Thursday, 19 February 2009

No reason for doom or gloom in the Philippines

Gloom and doom ahead?
Outside the Box
John Mangun
Business Mirror
http://www.businessmirror.com.ph/index.php?option=com_content&view=category&id=28&layout=blog&Itemid=64

A man owned a good business, a little restaurant about a kilometer or two from the main road. He always kept a sign advertising his business at the turn-off to let people know where he was located.

One year, a storm broke part of the sign and he wanted to put up a brand new sign. His son told him that times were bad and he shouldn’t spend the money repairing the sign. The son had been to college and was very smart about the world. So the old man left the sign alone.

Regular customers sometimes did not go down the road now, thinking that maybe the restaurant had changed because the sign was broken. New customers had a hard time finding the turn-off because they couldn’t see the sign. Business went down a little.

The old man thought that it might be a good idea to put more lights outside in his parking lot. But the son told him that times were bad and he shouldn’t spend the money. Customers that found the restaurant thought maybe the place was not so good because the parking lot looked dark and some of them went past, never stopping. Business went down a little.

The old man thought that maybe painting the front of the building would be a good idea to make the place look nicer. But the son told him that times were bad and he shouldn’t spend the money. Business went down a little.

The old man thought that maybe he should raise his food quality and spend more for the ingredients that he used in his cooking. But the son told him that times were bad and he shouldn’t spend the money. Business went down a little.

Then the old man fired his best cook because the son told him that times were bad and he shouldn’t spend the money. Business went down a little.

About a year later, the old man closed his restaurant. The son said that was too bad, but reminded him that times were bad. And there wasn’t anything he could have done about his restaurant.

****

The voices of the “gloom and doom” crowd are becoming louder every day. Toward the end of 2008 they kept saying that the economic numbers would be very bad, and then when 2008 turned out not be to be so bad, they raised the volume and are now shouting, “The worst is yet to come.”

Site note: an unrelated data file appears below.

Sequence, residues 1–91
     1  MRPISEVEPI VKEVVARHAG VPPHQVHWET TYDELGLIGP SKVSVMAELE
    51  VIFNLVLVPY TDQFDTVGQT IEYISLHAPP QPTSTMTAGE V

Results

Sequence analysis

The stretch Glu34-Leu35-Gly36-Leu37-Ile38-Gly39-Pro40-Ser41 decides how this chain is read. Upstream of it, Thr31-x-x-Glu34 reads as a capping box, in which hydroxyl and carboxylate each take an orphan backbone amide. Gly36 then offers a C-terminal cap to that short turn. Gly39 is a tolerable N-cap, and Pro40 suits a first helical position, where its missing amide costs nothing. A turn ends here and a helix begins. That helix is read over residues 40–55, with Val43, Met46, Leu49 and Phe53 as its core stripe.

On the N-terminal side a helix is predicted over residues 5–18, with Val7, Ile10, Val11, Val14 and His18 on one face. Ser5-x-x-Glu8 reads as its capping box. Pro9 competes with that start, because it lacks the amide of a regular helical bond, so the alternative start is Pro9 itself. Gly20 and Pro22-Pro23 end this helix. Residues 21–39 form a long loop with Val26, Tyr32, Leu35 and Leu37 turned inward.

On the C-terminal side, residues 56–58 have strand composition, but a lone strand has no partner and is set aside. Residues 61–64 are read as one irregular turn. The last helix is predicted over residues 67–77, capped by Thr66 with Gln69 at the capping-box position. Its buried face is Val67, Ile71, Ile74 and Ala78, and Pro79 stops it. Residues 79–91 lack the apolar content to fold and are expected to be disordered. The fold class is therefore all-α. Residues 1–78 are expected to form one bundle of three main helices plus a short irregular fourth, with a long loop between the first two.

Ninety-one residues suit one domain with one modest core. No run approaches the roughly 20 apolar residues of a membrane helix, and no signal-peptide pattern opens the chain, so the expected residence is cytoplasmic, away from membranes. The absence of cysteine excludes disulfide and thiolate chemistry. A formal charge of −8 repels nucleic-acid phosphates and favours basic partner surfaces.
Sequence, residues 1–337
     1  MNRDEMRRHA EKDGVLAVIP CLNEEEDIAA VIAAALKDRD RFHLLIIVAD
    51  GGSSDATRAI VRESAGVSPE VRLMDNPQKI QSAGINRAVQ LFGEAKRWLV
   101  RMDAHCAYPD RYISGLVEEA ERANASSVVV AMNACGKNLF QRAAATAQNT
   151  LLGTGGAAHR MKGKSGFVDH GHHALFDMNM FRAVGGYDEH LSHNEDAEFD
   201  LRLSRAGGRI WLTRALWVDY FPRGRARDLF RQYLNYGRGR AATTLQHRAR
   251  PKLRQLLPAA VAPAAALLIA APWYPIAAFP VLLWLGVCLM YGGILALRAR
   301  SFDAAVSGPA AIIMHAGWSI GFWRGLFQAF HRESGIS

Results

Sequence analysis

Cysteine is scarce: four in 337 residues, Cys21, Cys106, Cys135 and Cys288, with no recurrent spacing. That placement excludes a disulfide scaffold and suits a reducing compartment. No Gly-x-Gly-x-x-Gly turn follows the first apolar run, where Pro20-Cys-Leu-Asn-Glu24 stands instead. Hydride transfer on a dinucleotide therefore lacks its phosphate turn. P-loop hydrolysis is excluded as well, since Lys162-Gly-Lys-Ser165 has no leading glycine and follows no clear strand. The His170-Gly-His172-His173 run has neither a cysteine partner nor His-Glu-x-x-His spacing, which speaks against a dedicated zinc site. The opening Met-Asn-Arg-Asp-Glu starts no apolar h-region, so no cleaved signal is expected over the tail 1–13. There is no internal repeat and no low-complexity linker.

As the days of 2009 tick off and it appears that the Philippines is not economically sinking into the South China Sea, the “gloom and doomers” are looking for anything possible to support their negative position. For example:

The headline read, “Universal Robina suffers first-quarter loss of P246 million.” Wow, that sounds bad. Except, when you read past the headline, you discover some interesting facts. Universal Robina Corp. (URC) actually saw total revenues double, up 122 percent, over last year. International sales rose 64 percent and they made a P36-million profit, compared with a net loss of P51 million a year ago. URC’s operating profit went up by almost 12 percent to P1.02 billion. The reason they showed a net loss for the quarter was because of their nonbusiness investments especially overseas, not because of their core business, which is making food. The Philippine economy is supposedly crashing but URC made 12 percent more than in 2007.

Then there was the stock market yesterday. The market ended down an insignificant 7.67 points or 0.4 percent. One “analyst” was quoted saying, “The drop shows investors remain skeptical of the effect of the US stimulus package.” Seven points doesn’t sound like investors are very worried. What this analyst did not say was that the night before, there was a bloodbath in US and European stocks, with their markets down nearly 4 percent, not just 0.4 percent. Even in Asia yesterday, Japan and Hong Kong dropped 1.5 percent and China followed the West down 4 percent. We did very well, all things considered.

To justify their “gloom and doom” stance, it was pointed out that Bank of the Philippine Islands was down 2 percent, Ayala Land was off 1.7 percent and SM Prime dropped 2.6 percent. Four stocks, including Philippine Long Distance Telephone Co., out of 30 Philippine Stock Exchange index issues dropped the market less than 8 points. Now I am not saying all is well in the market, but let’s at least tell the full story and not pick and choose facts to push an opinion.

The “worst is yet to come” voices in the Philippines cannot find any hard and significant evidence to justify their very dismal outlook. Instead, because they have been to college and are very smart about the world, they are telling us that their crystal balls are going to be accurate. Maybe they will be proved right. Maybe not. But I can predict one thing for sure.

If we as an economy start thinking and acting like the times are bad for the Philippines without some hard evidence to back that opinion up with, a year from now we will have created our own bad times. Be sensible, be smart and be financially efficient. And, most of all, be realistic.



PSE stock-market information and technical analysis tools provided by CitisecOnline.com Inc. E-mail comments to mangun@email.com.

No comments:

Post a Comment